Kelly flexes muscle his first day on the job at White House
White House Chief of Staff John Kelly appears at event where President Donald Trump was to bestow the Medal of Honor to retired Army medic James McCloughan during a ceremony in the East Room of the White House in Washington, Monday, July 31, 2017.
Raised voices could be heard through the thick door to the Oval Office as John Kelly — then secretary of Homeland Security — offered some tough talk to President Donald Trump.
Kelly, a whip-cracking retired general who was sworn in as White House chief of staff on Monday, had demanded to speak to the president alone after Trump complained loudly that the U.S. was admitting travelers from countries he viewed as high risk.
Kelly first tried to explain to Trump that the admissions were standard — some people had legitimate reasons to visit the country — but the president insisted that it was making him look bad, according to an administration official familiar with the exchange about a month ago.
Kelly then demanded that other advisers leave the room so he could speak to the president frankly. Trump refused at first, but agreed when Kelly insisted.
It was an early indication that Kelly, a decorated retired Marine general who served three tours in Iraq, is not afraid to stand up to his commander-in-chief.
Tapped to bring order to a chaotic West Wing, Kelly began to make his mark immediately on Monday, ousting newly appointed communications director Anthony Scaramucci and revising a dysfunctional command structure that has bred warring factions.
From now on, said White House press secretary Sarah Huckabee Sanders, all senior staffers — including the president's son-in-law Jared Kushner and chief strategist Steve Bannon — will report to Kelly instead of the president.
Kelly "will bring new structure, discipline and strength" to the White House, Sanders said.
"It definitely has the fingerprints of a new sheriff in town," said Blain Rethmeier, who guided Kelly through the Senate confirmation process for the Homeland Security post. Rethmeier said that what stood out about Kelly during the time they worked together was the way Kelly commanded respect from everyone he encountered — and the way he respected others.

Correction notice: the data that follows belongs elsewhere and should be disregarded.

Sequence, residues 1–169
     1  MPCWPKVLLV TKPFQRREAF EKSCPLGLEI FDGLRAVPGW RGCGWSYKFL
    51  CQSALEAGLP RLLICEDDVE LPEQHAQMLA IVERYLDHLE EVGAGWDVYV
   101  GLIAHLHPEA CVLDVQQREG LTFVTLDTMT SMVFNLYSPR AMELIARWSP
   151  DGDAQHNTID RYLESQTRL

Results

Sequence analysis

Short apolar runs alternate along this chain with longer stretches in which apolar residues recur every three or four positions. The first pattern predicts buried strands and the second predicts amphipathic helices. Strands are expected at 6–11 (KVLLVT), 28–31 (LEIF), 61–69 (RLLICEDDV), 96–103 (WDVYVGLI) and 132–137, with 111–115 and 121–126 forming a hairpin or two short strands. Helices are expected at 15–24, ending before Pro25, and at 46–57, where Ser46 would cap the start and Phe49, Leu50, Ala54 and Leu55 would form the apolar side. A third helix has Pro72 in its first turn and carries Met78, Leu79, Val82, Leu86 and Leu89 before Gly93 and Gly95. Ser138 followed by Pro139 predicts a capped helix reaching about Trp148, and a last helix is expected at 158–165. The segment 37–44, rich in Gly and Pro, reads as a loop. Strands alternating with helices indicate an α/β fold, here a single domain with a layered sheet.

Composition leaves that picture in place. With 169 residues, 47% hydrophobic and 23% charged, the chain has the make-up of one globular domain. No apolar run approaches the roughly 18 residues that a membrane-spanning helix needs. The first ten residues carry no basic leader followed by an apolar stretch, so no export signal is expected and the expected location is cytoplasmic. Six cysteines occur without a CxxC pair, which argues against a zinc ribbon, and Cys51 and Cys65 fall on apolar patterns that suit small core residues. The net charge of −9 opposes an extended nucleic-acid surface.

Kelly fostered a reputation as an outspoken commander who didn't shy away from unpopular opinions during his military career. Rethmeier said that Kelly also respects authority deeply — "and that's something that Trump sort of smells out, if you respect him or not."
"If he disagrees with you, he'll disagree respectfully," Rethmeier said.
It was a point Kelly made clear during his confirmation hearing in January.
"I have never had a problem speaking truth to power, and I firmly believe that those in power deserve full candor and my honest assessment and recommendations. I also value people that work for me speaking truth to power," he said.
In April, Kelly bluntly challenged members of Congress critical of the Trump administration's aggressive approach to immigration enforcement to either change the laws or "shut up."
But after being confirmed as part of Trump's Cabinet, Kelly also tried to moderate some of the president's hard-line positions, even as he publicly defended them.
Hours after Trump said deportations of people in the U.S. illegally were being carried out as a "military operation," Kelly said the U.S. would not enlist the military to enforce immigration laws.
Kelly and Defense Secretary Jim Mattis, another retired general, were also said to have been deeply frustrated with the rollout of Trump's refugee and immigration ban, and made clear to associates that they were not involved in drafting it or aware of its details around the time that Trump signed the original order. Both moved swiftly to address gaps in the measure, with Mattis asking that Iraqis who helped U.S. troops be exempt and Kelly clarifying that green-card holders would not be affected.
Nonetheless, Kelly launched a particularly robust defense of the order to lawmakers and reporters, which was welcomed by the White House.
Mattis and Kelly also agreed in the earliest weeks of Trump's presidency that one of them should remain in the United States at all times to keep tabs on the orders rapidly emerging from the White House, according to a person familiar with the discussions. The official insisted on anonymity in order to discuss the administration's internal dynamics.
Kelly's appointment is being celebrated beyond the White House.
Sen. Bob Corker, R-Tenn, said Monday that he discussed Kelly's appointment with Trump on Friday and hopes Kelly "will do everything possible to bring the appropriate discipline and focus that needs to be at the White House there."
"I hope that Gen. Kelly will absolutely, forcefully clean the place up," Corker said. "And anybody who's been a violator, who's been a part of public backbiting, part of undermining, who's been part of feathering their own nest at other people's expense, I hope they'll all be gone."
David B. Cohen, a University of Akron political science professor who is co-authoring a book on chiefs of staff, applauded Kelly for doing "things that should have been done on Day One of Reince Priebus's tenure." He said Scaramucci's removal sent a clear message "that going off-script and being undisciplined" would no longer be tolerated at the White House.
But Cohen wondered how long Trump would go before beginning to undermine Kelly.
"None of this works if the president doesn't buy into this 100 percent," he said. "President Trump is his own worst enemy. He instinctively likes to be his own chief of staff and he's a pretty awful one. Will he be able to resist messing with the system once John Kelly cleans everything up? Will he listen to his chief of staff when Kelly has to tell Trump, 'No?'" he asked.
"I'm not sure President Trump is wired to be able to listen to that type of criticism," he said.